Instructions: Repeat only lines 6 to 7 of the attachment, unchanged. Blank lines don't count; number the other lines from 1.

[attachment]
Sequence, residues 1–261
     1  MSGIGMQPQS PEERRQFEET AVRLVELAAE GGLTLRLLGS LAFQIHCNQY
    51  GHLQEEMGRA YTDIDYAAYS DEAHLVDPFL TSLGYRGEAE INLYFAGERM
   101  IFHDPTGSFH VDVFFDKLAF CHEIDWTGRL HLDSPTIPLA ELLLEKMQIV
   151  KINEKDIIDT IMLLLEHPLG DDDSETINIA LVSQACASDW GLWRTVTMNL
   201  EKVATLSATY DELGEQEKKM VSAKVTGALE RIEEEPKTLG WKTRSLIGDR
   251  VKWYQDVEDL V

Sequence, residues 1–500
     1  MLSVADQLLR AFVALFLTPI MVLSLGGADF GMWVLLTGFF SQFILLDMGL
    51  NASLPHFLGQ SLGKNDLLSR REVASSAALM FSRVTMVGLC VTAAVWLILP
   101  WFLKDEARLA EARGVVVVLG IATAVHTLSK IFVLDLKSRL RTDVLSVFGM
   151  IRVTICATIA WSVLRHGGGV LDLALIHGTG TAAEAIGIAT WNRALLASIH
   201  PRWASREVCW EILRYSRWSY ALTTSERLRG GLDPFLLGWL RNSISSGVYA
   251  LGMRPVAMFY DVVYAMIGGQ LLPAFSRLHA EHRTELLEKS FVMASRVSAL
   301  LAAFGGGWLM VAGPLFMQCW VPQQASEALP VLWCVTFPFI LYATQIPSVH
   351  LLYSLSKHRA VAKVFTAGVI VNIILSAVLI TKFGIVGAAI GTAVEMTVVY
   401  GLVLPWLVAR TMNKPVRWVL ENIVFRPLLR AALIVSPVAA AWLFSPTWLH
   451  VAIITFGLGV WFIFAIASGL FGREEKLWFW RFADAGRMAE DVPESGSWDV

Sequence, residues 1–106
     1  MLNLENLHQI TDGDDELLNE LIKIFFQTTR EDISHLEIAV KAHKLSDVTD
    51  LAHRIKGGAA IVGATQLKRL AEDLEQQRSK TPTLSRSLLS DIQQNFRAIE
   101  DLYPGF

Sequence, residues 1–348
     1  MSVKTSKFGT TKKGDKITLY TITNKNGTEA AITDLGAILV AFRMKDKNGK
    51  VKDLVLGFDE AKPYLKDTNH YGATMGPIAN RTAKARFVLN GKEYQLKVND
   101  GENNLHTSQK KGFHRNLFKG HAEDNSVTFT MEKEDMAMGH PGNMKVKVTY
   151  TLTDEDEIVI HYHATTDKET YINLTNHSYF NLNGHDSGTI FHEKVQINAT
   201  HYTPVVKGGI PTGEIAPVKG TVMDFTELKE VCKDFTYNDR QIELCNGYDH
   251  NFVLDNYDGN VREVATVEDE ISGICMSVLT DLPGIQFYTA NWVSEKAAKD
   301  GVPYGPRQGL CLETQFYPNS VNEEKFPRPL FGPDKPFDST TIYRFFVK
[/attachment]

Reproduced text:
   201  EKVATLSATY DELGEQEKKM VSAKVTGALE RIEEEPKTLG WKTRSLIGDR
   251  VKWYQDVEDL V